Like the most famous of Hollywood's cautionary tales, Sunset Boulevard, the real-life mystery Hollywoodland begins with the discovery of a corpse. The dead man is George Reeves, found in his bedroom shot through the head on the night of 16 June 1959. Reeves was an actor who enjoyed a brief dalliance with fame during the Fifties when he played TV's Superman; idolised by a young audience, he fell an early victim to typecasting and failed to make the break into movies he longed for. Killed by his own gun, he seemed another casualty on Hollywood's boulevard of broken dreams, and the police recorded a verdict of suicide.
But was it really? The corpse was still in the morgue when rumours of murder began to leak through Hollywood Hills like marsh gas: how come there were no fingerprints on the gun, and why were there other bullet holes in the floor and ceiling of the deceased's room? Allen Coulter's feature debut, written by Paul Bernbaum, retraces the fateful years preceding Reeves's death and intercuts it with a posthumous investigation that suggests someone else may have pulled the trigger. Louis Simo (Adrien Brody) is a stumblebum private eye hired by the late actor's grieving mother (Lois Smith) to pursue a case that the LAPD considers closed. Initially driven by his fee of $50 a day, Louis becomes more absorbed in the job as he unearths Reeves's romantic past and discovers, behind the actor's mask, a man haunted by fear and self-loathing.
That Reeves is played by Ben Affleck is a smart move on the part of the film-makers. Just as Reeves enjoyed early success in Gone With the Wind, so too did Affleck, winning an Oscar aged 25 for Good Will Hunting before hitting a monstrous streak of duds that included Pearl Harbor, The Sum of All Fears, Jersey Girl and the all-time low, Gigli. And let's not even start on his girlfriend at the time. The beefcake smugness had ballooned so grotesquely, you longed for someone to come along and pop it, yet in the end it was Affleck himself who applied the pin with his yuppie lawyer running spectacularly foul of Samuel L Jackson in Changing Lanes (2002). His George Reeves continues that chastened mood, a tall, handsome lunk who has amiability but no great presence - or talent, come to that. Almost from the off he seems resigned to being small-time, and small-screen: "You're talking to the man who defended Camelot with a cardboard sword," he says ruefully of his television role as Sir Galahad.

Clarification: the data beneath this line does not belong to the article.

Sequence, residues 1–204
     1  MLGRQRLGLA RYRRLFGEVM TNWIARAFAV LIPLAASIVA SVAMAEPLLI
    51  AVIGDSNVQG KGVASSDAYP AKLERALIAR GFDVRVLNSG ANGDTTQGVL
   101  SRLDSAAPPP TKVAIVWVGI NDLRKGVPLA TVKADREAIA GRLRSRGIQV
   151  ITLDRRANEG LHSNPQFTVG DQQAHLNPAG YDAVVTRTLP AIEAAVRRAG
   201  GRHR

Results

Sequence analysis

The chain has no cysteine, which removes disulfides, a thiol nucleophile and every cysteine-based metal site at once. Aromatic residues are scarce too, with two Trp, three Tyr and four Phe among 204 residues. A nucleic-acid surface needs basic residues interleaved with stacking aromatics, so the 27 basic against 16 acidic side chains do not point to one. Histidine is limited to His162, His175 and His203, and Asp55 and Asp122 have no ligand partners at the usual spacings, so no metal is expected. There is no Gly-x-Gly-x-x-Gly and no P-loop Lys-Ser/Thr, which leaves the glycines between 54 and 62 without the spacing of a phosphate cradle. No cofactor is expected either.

The first time we see him, he's in a restaurant watching the celebs and edging into a paparazzo shot of Rita Hayworth just so he can see his mug in the papers next morning. The same night he meets Toni Mannix (Diane Lane), a fading beauty who's desperate to keep the wrinkles at bay and thinks this bow-tied toyboy might be just the ticket. That she's also married doesn't seem to matter; her husband Eddie (Bob Hoskins) has a mistress of his own and, what's more, he's an MGM honcho with favours to dispense. So Toni and George cling to one another; she gives him jewellery and a fancy house, he gives her the reflected illusion of youthful dazzle. It's not a relationship built to endure, and by the time of Reeves's death he's living with a heartless floozy (Robin Tunney) who has somehow become engaged to him.
So our gumshoe has three ready-made murder suspects right there: the spurned older woman, the studio-boss husband with his thugs, the disgruntled fiancée. The film is actually pursuing a ghost of its own; you can hear it from the mournful brass blare of Marcelo Zarvos's score and you can see it in the valley drives and canyons of Los Angeles. Remember it, Jake, it's Chinatown. Louis is the private eye who looks but doesn't see, and his flawed sleuthing puts himself and others in mortal danger; he even sustains, like Jake Gittes, a bruising facial disfigurement halfway through the story. But the echoes of the old film do the present one no favours; even if you could match Polanski's direction and Towne's screenplay - which few can - I'm afraid that Brody has little in common with Jack Nicholson, and even less in common with a Fifties private detective. Brody, a fine actor, simply doesn't look right next to the fat-necked bruisers with whom he mingles, and asking us to believe he could rough up an old associate twice his size is preposterous.
It's a shame, because there is half of a good film here - the half dealing with George Reeves's emblematic decline. We know too well the high rate of failure in Hollywood, and there are too many previous warnings for Hollywoodland to be anything more than an elegant variation. But Affleck and Lane give these types a believably human warmth and the shared pathos of people who realise that the leasehold on their looks is about to expire - and can't face the world because of it. That sense of decay is reflected in a shrewd production design that eschews the city's glamour (we know all that) to nose around the seedy apartments and cheap hotels where the real living and dying goes on. Even the colours have a melancholy drabness: when George is fitted out as Superman, his costume hasn't the blue and red vibrancy of the comics but a dreary brown and grey that will suit the low-fi contrasts of black and white television.
Anyone going to Hollywoodland expecting the full noir treatment will be sorely disappointed. The murder case it purports to re-examine merely fries up a few red herrings and picks over the bones. But about other kinds of Hollywood death - the slow fade of a career, the evaporation of beauty - it has bitter truths to tell.